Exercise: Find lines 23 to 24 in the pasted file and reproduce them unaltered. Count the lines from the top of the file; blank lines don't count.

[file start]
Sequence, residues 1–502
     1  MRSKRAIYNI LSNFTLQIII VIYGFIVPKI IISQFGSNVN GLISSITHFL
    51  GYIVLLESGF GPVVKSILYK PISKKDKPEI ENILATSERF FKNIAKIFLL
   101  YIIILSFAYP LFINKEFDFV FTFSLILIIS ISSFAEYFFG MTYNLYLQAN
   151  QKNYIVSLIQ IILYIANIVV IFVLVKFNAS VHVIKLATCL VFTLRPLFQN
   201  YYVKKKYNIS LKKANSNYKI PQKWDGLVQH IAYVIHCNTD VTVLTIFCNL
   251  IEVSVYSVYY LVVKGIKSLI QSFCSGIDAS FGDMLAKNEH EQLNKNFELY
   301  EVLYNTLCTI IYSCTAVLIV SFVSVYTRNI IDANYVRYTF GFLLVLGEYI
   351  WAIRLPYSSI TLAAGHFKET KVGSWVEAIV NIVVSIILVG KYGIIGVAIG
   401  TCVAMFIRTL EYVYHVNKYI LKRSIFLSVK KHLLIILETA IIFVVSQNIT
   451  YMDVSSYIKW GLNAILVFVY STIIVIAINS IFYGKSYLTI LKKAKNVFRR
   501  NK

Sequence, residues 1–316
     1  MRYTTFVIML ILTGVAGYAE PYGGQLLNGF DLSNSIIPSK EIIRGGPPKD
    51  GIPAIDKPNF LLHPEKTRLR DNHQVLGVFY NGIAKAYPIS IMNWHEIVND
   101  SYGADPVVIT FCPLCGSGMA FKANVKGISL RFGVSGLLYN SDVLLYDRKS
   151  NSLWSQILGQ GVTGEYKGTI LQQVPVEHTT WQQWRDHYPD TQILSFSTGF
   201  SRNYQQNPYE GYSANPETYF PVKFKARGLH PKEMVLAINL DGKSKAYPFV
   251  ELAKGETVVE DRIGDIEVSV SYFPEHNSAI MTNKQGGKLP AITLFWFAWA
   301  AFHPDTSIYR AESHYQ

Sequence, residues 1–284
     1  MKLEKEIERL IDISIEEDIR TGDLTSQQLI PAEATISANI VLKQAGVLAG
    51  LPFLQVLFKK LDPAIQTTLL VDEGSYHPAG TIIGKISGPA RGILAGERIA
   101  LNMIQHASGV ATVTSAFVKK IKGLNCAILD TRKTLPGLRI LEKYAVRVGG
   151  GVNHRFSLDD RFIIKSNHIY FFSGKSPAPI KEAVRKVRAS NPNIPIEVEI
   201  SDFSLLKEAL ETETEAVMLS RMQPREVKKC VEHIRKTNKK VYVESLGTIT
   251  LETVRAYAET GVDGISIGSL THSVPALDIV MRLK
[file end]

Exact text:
    51  LPFLQVLFKK LDPAIQTTLL VDEGSYHPAG TIIGKISGPA RGILAGERIA
   101  LNMIQHASGV ATVTSAFVKK IKGLNCAILD TRKTLPGLRI LEKYAVRVGG